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Iceland in summer
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Iceland is removing its travel quarantine – as long as you’ve already had coronavirus

Tourists can soon skip a 14-day quarantine or test by proving they’ve had, and recovered from, Covid-19

Ellie Walker-Arnott

Want to get the eff out of that flat you’ve been stuck in for the past few months? Happily, countries all over the world have reopened their borders in an effort to revive their struggling tourism industries – so you’re still in with a chance of jetting off on holiday before the year’s out.

Following the lead of Croatia, Portugal and Italy, the tiny nation of Iceland started welcoming tourists again in June.

Following an initial period where travellers could skip quarantine entirely by testing negative on arrival, the Icelandic government introduced new ‘double-testing’ measures from August. All arrivals were tested for Covid-19 at the border, then have to quarantine for five days before being tested again on the sixth day. Travellers then had to stump up 15,000ÍSK for each test (around £90, $113 or A$163).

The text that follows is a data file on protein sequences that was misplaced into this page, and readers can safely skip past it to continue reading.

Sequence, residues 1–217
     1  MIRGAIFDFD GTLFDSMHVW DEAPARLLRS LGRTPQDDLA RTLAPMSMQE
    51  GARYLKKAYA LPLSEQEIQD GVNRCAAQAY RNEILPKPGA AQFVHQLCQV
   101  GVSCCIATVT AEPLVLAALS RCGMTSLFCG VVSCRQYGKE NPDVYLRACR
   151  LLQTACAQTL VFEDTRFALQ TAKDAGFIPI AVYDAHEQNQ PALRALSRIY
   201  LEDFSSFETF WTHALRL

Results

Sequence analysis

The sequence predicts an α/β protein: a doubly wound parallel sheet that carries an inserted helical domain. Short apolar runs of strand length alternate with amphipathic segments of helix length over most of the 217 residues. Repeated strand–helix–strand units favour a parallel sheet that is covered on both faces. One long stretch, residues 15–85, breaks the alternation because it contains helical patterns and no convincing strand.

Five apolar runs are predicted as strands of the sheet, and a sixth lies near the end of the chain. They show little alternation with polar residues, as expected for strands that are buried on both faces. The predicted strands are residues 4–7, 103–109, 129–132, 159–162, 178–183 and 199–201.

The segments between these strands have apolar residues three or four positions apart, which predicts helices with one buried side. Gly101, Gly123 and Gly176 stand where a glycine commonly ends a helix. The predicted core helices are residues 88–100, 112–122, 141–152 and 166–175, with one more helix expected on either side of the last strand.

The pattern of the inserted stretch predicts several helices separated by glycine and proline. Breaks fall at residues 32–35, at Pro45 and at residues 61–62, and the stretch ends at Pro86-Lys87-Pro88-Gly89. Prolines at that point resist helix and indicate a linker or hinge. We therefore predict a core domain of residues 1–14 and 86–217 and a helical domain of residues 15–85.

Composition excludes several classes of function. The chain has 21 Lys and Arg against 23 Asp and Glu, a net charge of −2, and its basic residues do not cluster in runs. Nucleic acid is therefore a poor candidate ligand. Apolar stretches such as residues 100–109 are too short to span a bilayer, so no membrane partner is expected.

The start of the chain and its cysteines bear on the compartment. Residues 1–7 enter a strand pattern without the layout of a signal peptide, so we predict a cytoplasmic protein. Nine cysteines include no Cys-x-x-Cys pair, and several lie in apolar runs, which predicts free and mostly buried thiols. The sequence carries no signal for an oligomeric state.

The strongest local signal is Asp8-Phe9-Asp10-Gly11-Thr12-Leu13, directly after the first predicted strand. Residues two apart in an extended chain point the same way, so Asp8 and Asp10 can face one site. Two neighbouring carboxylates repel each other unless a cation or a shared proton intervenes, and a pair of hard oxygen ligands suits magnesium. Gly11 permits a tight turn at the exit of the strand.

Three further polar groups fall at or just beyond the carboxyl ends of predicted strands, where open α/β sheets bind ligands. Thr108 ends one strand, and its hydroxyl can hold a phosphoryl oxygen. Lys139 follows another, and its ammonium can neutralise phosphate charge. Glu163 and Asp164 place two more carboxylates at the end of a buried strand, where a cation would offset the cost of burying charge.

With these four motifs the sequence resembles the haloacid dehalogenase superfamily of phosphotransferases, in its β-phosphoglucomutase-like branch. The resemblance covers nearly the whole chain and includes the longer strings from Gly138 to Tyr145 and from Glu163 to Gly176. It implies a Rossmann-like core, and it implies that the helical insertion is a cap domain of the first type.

Those strict measures remain in place for most travellers – but from December 10, there’s a big change. Arrivals from the European Economic Area will be able to enter the country freely, with only one requirement: they’ll need to provide evidence that they’ve previously had, and recovered from, Covid-19.

Iceland in summer
Photograph: Shutterstock

According to Iceland Review, the country is hoping to increase the number of international visitors in order to support its tourist economy – and is seemingly banking on previous infection providing immunity.

The Icelandic government is also making another important change: testing will be free of charge for travellers from December 1 until January 31. Again, the idea is to attract more international visitors by removing the hurdle of paying for an expensive test.

The Blue Lagoon
Photograph: Flickr / Roderick Eime

Of course, travel still isn’t risk-free. But if you are able to get there, a warm welcome in Iceland is definitely something to look forward to.

Remember, many countries are still warning against all non-essential travel and some are quarantining all overseas arrivals, including their own returning citizens. Check all the relevant restrictions before you think about travelling.

Where can you travel right now? Here’s what you need to know.

How safe is flying right now? We asked an expert.

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